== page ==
Conflicts & War

Colombia recognizes ELN’s political status at end of 2nd round of peace talks

Mexico City, Mar 10 (EFE).- The second round of peace talks between Colombia’s government and the National Liberation Army (ELN) ended here Friday with Bogota’s recognition of that leftist guerrilla group’s political status and an announcement of strides made toward a potential bilateral cease-fire.

In a resolution issued at the conclusion of the talks in Mexico City, leftist President Gustavo Petro’s administration said the national government recognizes the ELN as an “armed rebel organization conducting political negotiations and talks aimed at achieving solutions to the armed conflict.”

Colombian Vice President Francia Marquez was in Mexico’s capital for the final day of the second round of talks, which began in February.

“I want to tell the ELN that it’s the first time I’ve looked them in the eyes without fear,” she said, adding that Colombian women have been among the main victims of the decades-old armed conflict.

The vice president urged the parties to continue to negotiate “no matter what,” saying the “boys and girls of Colombia expect a lot from you.”

Although no agreement has yet been reached on a much-awaited bilateral cease-fire, the chief negotiators of both sides expressed cautious optimism about the results achieved to date.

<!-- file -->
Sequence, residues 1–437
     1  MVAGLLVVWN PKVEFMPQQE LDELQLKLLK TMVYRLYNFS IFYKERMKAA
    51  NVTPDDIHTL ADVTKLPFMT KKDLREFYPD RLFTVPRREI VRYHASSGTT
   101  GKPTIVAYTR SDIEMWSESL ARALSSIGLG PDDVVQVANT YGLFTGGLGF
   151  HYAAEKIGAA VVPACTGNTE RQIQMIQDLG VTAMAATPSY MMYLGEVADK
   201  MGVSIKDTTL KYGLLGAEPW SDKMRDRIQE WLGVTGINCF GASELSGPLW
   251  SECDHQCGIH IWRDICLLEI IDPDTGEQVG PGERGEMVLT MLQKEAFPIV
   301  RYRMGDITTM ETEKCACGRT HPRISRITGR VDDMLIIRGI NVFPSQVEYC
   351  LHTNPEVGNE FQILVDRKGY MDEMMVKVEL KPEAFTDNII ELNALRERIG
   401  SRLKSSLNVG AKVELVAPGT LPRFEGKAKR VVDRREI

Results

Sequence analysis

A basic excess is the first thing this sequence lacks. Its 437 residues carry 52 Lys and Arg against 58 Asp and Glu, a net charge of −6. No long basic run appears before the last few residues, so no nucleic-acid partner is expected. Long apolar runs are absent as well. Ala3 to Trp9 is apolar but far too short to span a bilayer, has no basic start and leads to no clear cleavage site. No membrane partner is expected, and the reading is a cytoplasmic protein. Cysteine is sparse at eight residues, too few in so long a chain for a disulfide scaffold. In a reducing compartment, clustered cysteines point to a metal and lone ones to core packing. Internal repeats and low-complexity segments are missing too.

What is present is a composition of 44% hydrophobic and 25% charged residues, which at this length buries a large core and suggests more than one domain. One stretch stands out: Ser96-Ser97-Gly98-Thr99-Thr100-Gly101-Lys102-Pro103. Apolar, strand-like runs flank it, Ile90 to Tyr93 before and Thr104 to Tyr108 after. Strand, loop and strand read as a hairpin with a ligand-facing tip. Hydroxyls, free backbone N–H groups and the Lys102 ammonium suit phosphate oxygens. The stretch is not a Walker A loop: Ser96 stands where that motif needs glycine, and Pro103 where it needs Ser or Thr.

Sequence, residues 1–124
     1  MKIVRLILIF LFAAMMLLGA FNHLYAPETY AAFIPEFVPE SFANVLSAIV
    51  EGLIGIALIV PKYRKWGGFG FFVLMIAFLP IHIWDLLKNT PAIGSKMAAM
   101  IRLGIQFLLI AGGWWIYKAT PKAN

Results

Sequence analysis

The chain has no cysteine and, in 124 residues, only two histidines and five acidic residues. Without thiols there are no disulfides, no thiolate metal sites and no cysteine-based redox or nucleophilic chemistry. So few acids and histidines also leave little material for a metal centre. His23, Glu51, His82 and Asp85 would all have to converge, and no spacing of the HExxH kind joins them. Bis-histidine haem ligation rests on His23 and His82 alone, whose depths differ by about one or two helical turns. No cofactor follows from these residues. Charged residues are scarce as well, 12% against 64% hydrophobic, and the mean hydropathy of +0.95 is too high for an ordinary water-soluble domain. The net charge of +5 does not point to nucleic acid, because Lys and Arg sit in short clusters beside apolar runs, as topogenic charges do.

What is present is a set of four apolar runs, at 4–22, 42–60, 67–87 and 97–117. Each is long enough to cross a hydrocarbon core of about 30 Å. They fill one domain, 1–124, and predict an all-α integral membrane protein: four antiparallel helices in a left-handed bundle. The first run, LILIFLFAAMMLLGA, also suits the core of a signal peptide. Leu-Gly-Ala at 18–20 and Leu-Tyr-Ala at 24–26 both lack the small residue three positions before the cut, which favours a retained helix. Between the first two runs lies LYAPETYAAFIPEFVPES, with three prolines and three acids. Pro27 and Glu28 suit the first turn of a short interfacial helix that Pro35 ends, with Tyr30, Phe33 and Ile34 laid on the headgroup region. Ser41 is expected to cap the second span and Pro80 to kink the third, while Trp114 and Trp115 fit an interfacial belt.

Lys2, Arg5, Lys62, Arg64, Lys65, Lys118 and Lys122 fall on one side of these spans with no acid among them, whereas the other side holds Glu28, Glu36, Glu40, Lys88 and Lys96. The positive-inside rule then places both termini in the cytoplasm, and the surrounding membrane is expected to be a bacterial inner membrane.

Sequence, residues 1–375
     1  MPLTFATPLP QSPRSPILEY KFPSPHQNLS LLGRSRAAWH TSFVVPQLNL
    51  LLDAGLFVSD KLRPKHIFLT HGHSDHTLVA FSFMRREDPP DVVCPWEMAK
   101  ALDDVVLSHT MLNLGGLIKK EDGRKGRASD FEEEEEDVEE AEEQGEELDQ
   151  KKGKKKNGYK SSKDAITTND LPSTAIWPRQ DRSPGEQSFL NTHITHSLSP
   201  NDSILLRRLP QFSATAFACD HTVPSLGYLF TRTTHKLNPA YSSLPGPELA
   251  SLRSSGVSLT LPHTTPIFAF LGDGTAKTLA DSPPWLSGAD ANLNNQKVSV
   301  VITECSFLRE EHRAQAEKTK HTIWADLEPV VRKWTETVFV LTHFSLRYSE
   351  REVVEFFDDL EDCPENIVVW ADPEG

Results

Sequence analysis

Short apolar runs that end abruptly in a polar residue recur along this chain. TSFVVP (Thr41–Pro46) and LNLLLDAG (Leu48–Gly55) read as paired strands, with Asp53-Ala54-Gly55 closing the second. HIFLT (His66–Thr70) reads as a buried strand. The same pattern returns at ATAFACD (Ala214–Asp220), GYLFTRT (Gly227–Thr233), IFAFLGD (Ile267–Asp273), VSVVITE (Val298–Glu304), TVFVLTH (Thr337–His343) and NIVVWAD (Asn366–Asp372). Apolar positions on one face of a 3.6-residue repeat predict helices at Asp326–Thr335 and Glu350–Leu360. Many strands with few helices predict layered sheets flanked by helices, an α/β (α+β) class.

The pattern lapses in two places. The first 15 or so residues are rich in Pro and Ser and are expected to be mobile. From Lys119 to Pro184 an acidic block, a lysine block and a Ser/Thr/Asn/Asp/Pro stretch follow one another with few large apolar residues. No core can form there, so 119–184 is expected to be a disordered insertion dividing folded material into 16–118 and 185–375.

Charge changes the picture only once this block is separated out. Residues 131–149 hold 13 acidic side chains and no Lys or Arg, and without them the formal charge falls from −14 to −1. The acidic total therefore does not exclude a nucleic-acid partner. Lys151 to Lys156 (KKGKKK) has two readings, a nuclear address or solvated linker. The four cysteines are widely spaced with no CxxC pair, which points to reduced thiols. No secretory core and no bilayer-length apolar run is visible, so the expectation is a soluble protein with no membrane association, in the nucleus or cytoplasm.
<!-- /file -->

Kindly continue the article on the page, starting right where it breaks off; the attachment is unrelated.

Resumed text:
“We were able to start addressing the most urgent and sensitive issues, like the cease-fire, and we also opened the doors wide to citizen and community participation,” Otty Patiño, a former member of the M-19 urban guerrilla group and the head of the Colombian government’s delegation, said.

“Today, we made progress in building an itinerary with a common vision of peace,” Patiño said.

For his part, ELN chief negotiator Pablo Beltran said “the first steps (were taken) to achieve a bilateral, national and temporary cease-fire.”

“We all need to change to achieve comprehensive and lasting peace. We all need to participate in its design and realization,” Beltran said during the closing ceremony at the Colegio de San Ildefonso cultural center in the Mexican capital’s downtown.

The accords reached in Mexico also include mechanisms for “societal participation in peace-building efforts,” as well as an agreement to “examine, from a democratic perspective, the economic model, political system and the doctrines that impede unity and national reconciliation.”

The two sides also reached agreement on a point whose objective is the “recognition of all victims” based on “the assumption of responsibility arising from the truth of all women and men.”

The next round of peace talks are to be held in Cuba, although no precise start date has been announced.

Peace negotiations between the Colombian government and the ELN were launched in 2016 under then-President Juan Manuel Santos, whose administration had reached a historic peace deal with the Revolutionary Armed Forces of Colombia (FARC) guerrilla group that same year.

But right-wing President Ivan Duque suspended the talks with the ELN in January 2019, after the rebels carried out a car bombing at a police academy that killed more than a score of cadets.

The negotiations were then resumed on Nov. 22, 2022, in Venezuela by Petro, a former M-19 guerrilla and Colombia’s first-ever leftist head of state.

Mexico, Cuba, Venezuela, Chile, Norway and Brazil are serving as guarantors for the peace talks, while Sweden, Germany, Switzerland and Spain are accompanying the process. EFE


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